SOME matters are simply too important to play politics on. Protection of women’s rights is one of them. Unfortunately, the long overdue appointment of the chairperson of the National Commission on the Status of Women has run into an ugly, partisan controversy. Evidence of bias arose in the initial shortlisting process itself, but it came to a head two weeks ago during the in camera meeting of the parliamentary committee to appoint the head of the NCSW, a post that had been lying vacant for two years. Opposition nominee Fauzia Waqar polled six votes against five bagged by the PTI candidate Nilofar Bakhtiar. At that point, committee chairperson, the PTI’s Falak Naz, announced she was using her casting vote whereby both candidates ended up with equal votes. Legislators from the opposition accused her of violating the rules which stipulate that the casting vote is used only when both candidates have polled an equal number of votes. Last week, the government nevertheless notified Ms Bakhtiar as the new NCSW chairperson. The PPP denounced the move in the strongest terms and rejected the appointment as violating parliamentary rules and procedures and therefore illegal. PPP MNA Nafisa Shah asked the government to immediately withdraw the notification. The matter may now land up in court.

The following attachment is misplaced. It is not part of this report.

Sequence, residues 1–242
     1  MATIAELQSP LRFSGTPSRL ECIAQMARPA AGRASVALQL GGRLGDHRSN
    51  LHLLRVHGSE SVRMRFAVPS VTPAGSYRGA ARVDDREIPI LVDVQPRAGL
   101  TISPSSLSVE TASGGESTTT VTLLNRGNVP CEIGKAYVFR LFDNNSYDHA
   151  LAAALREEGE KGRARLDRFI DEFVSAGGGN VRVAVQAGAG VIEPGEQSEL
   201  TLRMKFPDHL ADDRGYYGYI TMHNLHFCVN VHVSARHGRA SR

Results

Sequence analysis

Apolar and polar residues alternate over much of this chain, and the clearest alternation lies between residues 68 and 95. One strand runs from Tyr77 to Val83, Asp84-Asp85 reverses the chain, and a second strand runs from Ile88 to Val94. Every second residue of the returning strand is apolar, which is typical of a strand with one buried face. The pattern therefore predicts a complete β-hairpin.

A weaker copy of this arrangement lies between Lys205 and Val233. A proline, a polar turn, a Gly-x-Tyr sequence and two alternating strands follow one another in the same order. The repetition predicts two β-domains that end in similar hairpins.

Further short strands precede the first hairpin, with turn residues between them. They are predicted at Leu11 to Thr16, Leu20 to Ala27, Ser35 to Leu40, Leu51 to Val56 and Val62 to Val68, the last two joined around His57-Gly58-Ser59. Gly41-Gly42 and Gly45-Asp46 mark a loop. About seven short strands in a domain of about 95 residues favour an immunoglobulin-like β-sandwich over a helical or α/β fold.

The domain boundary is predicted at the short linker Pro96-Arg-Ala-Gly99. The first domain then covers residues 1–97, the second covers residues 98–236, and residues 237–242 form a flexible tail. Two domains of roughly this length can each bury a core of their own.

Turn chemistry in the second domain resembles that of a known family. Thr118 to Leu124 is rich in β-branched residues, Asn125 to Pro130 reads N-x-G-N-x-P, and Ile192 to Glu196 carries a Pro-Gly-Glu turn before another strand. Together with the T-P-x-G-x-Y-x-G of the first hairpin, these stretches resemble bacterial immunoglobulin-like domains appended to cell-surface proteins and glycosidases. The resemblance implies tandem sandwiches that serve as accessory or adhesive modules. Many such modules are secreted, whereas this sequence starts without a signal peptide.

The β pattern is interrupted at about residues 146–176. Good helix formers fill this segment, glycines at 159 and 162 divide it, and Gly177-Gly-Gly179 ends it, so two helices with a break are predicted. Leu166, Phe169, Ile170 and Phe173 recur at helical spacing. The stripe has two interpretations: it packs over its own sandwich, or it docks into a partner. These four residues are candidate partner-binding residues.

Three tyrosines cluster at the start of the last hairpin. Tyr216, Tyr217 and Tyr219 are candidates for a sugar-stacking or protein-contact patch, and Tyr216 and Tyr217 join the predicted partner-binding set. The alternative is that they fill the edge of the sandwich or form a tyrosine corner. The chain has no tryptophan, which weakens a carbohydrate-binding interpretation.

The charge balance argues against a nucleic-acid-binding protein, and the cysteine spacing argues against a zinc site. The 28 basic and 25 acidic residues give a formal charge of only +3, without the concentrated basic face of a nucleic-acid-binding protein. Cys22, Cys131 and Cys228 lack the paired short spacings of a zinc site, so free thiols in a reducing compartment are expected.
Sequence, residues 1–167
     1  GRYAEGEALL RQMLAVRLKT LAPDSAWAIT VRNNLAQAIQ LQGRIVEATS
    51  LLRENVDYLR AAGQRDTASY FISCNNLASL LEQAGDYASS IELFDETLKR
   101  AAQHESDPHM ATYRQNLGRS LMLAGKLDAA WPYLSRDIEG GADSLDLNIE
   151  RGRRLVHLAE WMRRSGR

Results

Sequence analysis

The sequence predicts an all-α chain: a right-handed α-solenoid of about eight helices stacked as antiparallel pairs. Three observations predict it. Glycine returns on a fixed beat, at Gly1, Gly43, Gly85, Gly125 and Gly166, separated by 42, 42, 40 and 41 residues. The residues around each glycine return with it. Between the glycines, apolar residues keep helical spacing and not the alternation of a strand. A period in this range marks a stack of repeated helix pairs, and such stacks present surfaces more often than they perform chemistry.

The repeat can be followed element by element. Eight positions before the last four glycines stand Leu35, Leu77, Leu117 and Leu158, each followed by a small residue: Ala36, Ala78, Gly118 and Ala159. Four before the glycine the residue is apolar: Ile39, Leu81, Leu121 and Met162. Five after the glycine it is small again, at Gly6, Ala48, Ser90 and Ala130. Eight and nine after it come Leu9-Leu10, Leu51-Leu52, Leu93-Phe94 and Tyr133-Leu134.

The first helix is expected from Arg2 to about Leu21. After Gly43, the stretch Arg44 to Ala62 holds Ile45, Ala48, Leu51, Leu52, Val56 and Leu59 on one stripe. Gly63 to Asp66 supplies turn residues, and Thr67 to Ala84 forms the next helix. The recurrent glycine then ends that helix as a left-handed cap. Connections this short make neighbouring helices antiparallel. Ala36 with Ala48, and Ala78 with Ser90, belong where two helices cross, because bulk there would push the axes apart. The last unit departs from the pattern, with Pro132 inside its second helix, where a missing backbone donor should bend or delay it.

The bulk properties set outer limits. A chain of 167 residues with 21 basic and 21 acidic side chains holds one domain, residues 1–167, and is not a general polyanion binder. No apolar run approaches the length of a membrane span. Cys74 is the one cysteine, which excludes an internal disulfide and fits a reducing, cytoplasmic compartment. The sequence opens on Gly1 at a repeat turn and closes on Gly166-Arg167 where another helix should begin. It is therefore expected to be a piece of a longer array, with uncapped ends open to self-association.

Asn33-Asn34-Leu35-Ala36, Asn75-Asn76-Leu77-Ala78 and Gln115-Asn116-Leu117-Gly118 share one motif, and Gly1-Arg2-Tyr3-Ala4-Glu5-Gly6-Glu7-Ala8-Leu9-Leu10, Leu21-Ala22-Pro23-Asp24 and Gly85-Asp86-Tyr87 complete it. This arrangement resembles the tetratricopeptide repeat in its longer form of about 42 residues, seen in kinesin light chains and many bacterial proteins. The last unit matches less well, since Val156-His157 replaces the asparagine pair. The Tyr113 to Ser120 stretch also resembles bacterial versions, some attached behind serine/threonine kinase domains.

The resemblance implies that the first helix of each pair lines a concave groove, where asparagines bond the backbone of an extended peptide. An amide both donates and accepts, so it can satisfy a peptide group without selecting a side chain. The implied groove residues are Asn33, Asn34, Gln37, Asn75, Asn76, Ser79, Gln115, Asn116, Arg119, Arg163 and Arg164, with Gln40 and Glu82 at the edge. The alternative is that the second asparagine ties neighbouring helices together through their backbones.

The post of chairperson NCSW has been lying vacant for two years. That gives an indication as to the importance the government accords a statutory body mandated to review laws and policies and monitor the implementation of legislation pertaining to women’s protection, equality and empowerment. The NCSW also plays a vital role in ensuring that the government meets its international commitments; it can even advocate for foreign policy to be shaped in a way to take into account the impact on women in Pakistan. The spate of horrific acts of gender-based violence that have occurred in this country in the last few weeks alone is enough to underscore why the NCSW must be made fully functional. An effective NCSW is vital for spearheading efforts to bring about improvement in women protection laws, and monitoring the way crimes against women are investigated and prosecuted. In fact, it can even undertake an investigation itself if not satisfied with the police report.

The Commission was established in 2000 as a landmark development in the history of women’s rights in the country. However, after the initial few years during which it led the way in bringing about several pro-women laws, it has often been handicapped by bureaucratic interference, and insufficient, inconsistent funding, not to mention delays in appointment of members and chairpersons. Enough is enough. Parliament must demonstrate the political will to review the law under which the NCSW was established and ensure that the fully empowered and autonomous Commission that was promised comes into existence. The women of Pakistan deserve nothing less.

Published in Dawn, August 2nd, 2021

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